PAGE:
There are organizations that do not appear in these statistics. Although some of them already exist for over a hundred years. For instance independent regional care-associations, recovery care associations and care cooperatives. The care cooperatives have grown from a handful to 500 in the last ten years. They are voluntary associations whose main objective is that people can stay at home for as long as possible in good health and under their own guidance.

Civil society constantly renews itself

The second reason, for the resurgence of voluntary care associations, is that civil society is constantly renewing itself. In recent years, in The Netherlands, all kinds of initiatives emerged: in the field of public green areas, energy cooperatives, ‘bread funds’, and cultural facilities. It is precisely in this new wave that the emergence of care cooperatives must be situated.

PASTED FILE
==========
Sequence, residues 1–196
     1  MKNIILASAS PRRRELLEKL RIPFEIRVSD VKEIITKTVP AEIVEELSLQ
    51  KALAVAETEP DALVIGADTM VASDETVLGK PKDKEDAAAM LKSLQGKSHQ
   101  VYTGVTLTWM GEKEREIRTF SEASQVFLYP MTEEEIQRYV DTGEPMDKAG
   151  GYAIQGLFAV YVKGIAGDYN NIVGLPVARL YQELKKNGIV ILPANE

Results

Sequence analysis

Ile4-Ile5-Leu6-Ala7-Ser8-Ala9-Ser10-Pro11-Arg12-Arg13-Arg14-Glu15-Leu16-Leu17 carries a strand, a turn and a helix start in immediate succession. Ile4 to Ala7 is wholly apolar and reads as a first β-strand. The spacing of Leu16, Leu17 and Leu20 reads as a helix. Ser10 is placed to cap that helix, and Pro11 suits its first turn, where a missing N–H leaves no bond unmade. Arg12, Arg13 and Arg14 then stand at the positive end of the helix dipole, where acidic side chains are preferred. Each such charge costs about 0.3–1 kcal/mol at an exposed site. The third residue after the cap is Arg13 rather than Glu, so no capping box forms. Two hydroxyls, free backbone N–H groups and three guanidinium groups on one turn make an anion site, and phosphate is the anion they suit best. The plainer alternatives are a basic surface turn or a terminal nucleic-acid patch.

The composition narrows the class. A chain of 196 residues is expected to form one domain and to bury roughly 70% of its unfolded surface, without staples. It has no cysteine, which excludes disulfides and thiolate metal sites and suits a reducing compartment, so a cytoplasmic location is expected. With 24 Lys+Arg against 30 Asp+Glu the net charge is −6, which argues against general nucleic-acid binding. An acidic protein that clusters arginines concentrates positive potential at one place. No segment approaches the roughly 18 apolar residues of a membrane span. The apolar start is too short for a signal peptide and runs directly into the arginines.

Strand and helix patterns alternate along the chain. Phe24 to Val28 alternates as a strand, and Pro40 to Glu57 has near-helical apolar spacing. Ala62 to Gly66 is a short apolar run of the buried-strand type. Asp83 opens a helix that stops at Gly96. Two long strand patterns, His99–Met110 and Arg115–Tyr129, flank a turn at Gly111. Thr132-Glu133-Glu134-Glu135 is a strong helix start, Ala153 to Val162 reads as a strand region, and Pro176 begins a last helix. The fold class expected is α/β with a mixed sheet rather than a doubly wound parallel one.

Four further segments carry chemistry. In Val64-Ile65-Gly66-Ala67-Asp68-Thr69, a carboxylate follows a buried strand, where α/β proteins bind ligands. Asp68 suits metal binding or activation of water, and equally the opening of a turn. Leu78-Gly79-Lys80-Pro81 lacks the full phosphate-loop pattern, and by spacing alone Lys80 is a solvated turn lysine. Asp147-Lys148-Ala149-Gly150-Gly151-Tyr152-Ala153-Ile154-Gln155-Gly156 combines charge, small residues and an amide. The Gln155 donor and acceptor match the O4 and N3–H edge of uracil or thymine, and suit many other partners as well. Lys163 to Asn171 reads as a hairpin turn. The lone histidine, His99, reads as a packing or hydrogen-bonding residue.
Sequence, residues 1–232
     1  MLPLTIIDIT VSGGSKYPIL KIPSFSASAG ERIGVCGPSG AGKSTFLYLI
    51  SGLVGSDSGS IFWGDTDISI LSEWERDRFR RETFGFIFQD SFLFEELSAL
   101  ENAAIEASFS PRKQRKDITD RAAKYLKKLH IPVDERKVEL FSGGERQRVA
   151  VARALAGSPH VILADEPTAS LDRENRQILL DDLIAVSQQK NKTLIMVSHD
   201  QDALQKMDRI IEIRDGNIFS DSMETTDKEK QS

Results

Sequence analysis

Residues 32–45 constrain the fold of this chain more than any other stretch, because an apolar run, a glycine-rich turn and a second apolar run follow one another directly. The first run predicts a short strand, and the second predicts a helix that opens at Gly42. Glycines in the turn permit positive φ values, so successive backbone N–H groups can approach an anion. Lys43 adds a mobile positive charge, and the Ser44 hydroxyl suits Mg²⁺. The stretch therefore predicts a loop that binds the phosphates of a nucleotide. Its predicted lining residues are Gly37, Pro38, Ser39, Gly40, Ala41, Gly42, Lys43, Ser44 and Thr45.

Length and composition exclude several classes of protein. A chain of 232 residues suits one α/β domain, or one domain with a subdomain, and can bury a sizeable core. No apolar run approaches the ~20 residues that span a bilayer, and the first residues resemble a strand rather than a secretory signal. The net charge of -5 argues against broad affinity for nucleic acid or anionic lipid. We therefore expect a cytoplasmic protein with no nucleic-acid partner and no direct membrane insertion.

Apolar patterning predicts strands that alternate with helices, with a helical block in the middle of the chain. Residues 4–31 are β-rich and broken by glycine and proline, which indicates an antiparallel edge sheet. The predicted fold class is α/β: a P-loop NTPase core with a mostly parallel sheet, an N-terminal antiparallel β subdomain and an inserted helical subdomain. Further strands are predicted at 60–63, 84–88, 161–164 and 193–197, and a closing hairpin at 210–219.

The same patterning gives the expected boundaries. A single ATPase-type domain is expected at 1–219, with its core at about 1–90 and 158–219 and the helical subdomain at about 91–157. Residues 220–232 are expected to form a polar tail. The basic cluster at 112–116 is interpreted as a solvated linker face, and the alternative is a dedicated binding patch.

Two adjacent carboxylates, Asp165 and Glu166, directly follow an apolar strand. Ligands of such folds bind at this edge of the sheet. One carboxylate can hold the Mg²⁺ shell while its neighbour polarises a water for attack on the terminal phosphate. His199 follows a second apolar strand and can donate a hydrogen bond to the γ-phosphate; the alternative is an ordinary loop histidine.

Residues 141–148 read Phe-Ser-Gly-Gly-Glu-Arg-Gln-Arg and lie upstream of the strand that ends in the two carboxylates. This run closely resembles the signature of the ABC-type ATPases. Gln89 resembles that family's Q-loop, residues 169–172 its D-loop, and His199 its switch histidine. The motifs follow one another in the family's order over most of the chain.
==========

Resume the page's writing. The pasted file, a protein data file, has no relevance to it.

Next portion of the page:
Three contemporary changes in the welfare state explain the growth and continuous innovation of civil society.

The revival of the ideals of the civil society

Citizens’ initiative is again highly regarded, by citizens, but also by politicians. At the same time, we know that civil society revivals are always connected with shortcomings of the welfare state experienced by citizens. These shortages are of a financial, social, cultural or moral nature.

The emergence of individualism

The second major change in the welfare state that underpins the revival of the citizens’ initiative dates from the seventies of the Twentieth Century. This concerns the increased importance of the individual (Hustinx, 2009). In other words, we have come to find ourselves more important. That is the result of a shift in socio-cultural values. Autonomy, self-actualization and quality of life have become more important than tradition, collective identity and solidarity. This shift is to a large extent the product of the welfare state. Through better education and good social services people could shift their concerns from material to non-material.

The shift from state to community